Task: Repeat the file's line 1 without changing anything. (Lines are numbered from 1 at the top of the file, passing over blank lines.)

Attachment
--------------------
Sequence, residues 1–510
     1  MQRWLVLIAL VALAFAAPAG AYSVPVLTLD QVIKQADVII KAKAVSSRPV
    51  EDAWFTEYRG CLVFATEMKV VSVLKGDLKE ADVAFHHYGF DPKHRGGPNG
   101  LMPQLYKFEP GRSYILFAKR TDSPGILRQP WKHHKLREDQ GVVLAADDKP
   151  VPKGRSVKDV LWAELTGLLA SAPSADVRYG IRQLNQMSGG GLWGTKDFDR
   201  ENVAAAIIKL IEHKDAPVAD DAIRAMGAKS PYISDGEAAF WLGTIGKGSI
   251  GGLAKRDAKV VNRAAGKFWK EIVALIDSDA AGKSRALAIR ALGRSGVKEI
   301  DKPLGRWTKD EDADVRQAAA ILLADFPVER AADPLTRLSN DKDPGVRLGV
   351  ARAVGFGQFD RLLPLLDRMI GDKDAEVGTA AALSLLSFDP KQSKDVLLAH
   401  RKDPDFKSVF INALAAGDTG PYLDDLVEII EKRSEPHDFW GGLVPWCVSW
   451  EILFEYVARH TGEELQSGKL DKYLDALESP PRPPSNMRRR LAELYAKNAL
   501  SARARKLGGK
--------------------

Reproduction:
Sequence, residues 1–510